In recent studies and audits in our institution looking at children undergoing tonsillectomies, we found that approximately half the patients suffer from PRAE. Such a high rate of complications inevitably generates a cascade of linked events such as delays in theatre, with the potential for cancellation of other children due to the lack of theatre time and consecutive increases in waitlist time, unplanned hospital admissions, prolonged hospital stay and additional treatment. Even though most PRAE are not associated with long-term sequelae, it also creates more stress for the child and parents. Furthermore, data from closed malpractice claims in the United States of America (USA) show that nearly half of all claims were due to PRAE with higher incidents of death and brain damage as well as higher compensation payments in children as compared with adults.
The development of preventative strategies, incorporated into an optimised anaesthesia management, would help reduce the occurrence of PRAE and address the previously cited issues. Salbutamol is a commonly used drug in the treatment of asthma which is available as an over the counter medication in Australia. A previous observational trial showed that premedication with inhaled salbutamol reduced the incidence of respiratory adverse events and in particular reduced bronchospasm and persistent cough by up to 50% in children with a recent upper respiratory tract infection. This current study aims to test the efficacy of inhaled salbutamol to prevent PRAE in young children undergoing tonsillectomies, who are at a particularly high risk for PRAE in a randomised controlled setting. The secondary objectives are to reduce the delays in theatre and the time spent in PACU due to PRAE, the number of unplanned admissions, prolonged hospital stays and delays in the waiting lists due to sequelae following PRAE.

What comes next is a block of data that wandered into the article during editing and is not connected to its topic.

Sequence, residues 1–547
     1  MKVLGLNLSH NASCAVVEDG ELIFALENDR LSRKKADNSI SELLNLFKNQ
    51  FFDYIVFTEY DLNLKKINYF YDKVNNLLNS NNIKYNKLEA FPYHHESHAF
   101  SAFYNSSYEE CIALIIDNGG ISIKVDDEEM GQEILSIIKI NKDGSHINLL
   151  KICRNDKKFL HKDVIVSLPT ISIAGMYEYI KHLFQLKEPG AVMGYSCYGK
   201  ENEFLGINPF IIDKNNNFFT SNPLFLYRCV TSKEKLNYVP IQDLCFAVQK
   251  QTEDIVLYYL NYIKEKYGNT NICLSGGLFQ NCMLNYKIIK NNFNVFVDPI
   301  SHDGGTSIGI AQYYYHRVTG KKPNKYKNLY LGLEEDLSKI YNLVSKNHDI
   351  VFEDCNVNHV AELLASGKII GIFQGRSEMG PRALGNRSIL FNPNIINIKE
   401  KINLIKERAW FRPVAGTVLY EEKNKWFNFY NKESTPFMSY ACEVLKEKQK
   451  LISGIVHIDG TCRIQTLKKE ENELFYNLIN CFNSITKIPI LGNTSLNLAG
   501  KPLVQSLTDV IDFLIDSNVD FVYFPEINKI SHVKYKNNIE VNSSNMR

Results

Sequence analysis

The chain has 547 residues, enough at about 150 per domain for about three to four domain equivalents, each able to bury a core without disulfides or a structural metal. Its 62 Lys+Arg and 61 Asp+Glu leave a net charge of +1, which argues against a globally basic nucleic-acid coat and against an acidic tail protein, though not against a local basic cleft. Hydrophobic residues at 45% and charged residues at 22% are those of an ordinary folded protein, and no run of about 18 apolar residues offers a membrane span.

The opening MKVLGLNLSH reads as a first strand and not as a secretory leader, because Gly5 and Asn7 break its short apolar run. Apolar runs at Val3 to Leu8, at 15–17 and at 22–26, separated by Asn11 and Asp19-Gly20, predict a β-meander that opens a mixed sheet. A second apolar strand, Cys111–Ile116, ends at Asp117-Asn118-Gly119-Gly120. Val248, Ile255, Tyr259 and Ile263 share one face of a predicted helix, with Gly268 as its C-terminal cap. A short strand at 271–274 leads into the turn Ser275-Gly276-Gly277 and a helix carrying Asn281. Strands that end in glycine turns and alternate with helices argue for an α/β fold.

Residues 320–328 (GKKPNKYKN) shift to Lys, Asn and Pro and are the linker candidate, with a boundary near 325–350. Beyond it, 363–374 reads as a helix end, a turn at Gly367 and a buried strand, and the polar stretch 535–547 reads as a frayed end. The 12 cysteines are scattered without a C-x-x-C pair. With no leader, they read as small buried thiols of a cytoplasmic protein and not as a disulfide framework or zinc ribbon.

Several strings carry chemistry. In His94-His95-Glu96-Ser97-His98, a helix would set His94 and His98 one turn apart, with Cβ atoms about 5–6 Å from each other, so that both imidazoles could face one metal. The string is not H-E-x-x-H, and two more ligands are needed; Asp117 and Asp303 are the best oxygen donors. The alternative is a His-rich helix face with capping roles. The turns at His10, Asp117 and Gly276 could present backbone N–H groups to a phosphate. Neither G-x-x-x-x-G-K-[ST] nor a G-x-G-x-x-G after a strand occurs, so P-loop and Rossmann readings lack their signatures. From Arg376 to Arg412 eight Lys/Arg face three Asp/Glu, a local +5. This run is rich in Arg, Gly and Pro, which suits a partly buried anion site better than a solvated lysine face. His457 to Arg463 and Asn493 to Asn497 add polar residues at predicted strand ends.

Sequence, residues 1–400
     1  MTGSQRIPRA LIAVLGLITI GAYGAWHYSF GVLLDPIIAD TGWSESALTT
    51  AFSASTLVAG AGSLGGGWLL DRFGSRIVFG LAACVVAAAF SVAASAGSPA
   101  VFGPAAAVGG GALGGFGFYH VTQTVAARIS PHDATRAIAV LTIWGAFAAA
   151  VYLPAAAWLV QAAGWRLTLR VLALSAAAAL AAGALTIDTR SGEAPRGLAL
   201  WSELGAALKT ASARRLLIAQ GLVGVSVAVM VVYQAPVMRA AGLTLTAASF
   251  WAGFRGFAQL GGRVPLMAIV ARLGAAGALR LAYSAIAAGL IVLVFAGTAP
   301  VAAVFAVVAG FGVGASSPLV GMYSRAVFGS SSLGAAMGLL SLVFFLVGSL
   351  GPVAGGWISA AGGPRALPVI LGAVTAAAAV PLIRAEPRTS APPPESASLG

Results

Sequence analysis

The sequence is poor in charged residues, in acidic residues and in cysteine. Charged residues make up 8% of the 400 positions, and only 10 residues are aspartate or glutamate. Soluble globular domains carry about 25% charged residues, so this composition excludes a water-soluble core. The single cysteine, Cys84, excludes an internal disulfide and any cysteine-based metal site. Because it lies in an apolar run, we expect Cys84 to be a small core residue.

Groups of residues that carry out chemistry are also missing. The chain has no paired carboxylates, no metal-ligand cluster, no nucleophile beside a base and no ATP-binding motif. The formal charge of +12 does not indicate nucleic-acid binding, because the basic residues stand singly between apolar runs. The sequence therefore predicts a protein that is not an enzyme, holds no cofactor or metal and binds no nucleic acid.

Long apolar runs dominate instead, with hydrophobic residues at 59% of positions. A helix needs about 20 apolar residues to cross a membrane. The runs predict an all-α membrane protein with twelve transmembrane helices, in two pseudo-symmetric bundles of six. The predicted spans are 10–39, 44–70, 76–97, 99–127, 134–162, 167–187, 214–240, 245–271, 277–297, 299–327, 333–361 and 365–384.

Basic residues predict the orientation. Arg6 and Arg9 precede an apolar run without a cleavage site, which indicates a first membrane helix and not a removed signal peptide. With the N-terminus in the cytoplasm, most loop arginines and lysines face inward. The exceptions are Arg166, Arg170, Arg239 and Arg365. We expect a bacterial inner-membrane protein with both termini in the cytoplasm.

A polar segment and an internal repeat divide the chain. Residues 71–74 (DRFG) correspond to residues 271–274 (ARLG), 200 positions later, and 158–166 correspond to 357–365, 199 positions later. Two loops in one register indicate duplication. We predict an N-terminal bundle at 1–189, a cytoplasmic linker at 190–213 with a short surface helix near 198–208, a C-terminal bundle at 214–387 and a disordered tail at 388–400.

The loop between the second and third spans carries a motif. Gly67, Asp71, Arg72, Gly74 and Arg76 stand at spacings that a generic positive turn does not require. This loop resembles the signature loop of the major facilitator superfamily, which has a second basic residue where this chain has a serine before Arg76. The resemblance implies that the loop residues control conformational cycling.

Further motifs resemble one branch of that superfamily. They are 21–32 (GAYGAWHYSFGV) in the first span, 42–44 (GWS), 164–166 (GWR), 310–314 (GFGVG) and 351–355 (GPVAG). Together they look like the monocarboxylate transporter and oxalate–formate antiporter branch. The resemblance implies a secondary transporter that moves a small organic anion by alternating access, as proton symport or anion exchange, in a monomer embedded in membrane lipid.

We hypothesise that, in children undergoing tonsillectomy (+/- adenoidectomy, +/- grommets) procedures, the incidence of overall PRAE will be significantly reduced by the preoperative treatment with inhaled salbutamol as compared with placebo.
Trial website
Not applicable
Trial related presentations / publications
Not applicable
Public notes

Principal investigator
Name 47454 0
Prof Britta Regli-von Ungern-Sternberg
Address 47454 0
Department of Anaesthesia and Pain Management Princess Margaret
Hospital for Children Roberts Road Subiaco WA 6008
Country 47454 0
Phone 47454 0
Fax 47454 0
Email 47454 0
Contact person for public queries
Name 47455 0
Prof Britta Regli-von Ungern-Sternberg
Address 47455 0
Department of Anaesthesia and Pain Management Princess Margaret
Hospital for Children Roberts Road Subiaco WA 6008
Country 47455 0
Phone 47455 0
Fax 47455 0
Email 47455 0
Contact person for scientific queries
Name 47456 0
Prof Britta Regli-von Ungern-Sternberg
Address 47456 0
Department of Anaesthesia and Pain Management Princess Margaret
Hospital for Children Roberts Road Subiaco WA 6008
Country 47456 0
Phone 47456 0
Fax 47456 0
Email 47456 0

No information has been provided regarding IPD availability
Summary results
Have study results been published in a peer-reviewed journal?
Other publications
Have study results been made publicly available in another format?
Results – basic reporting
Results – plain English summary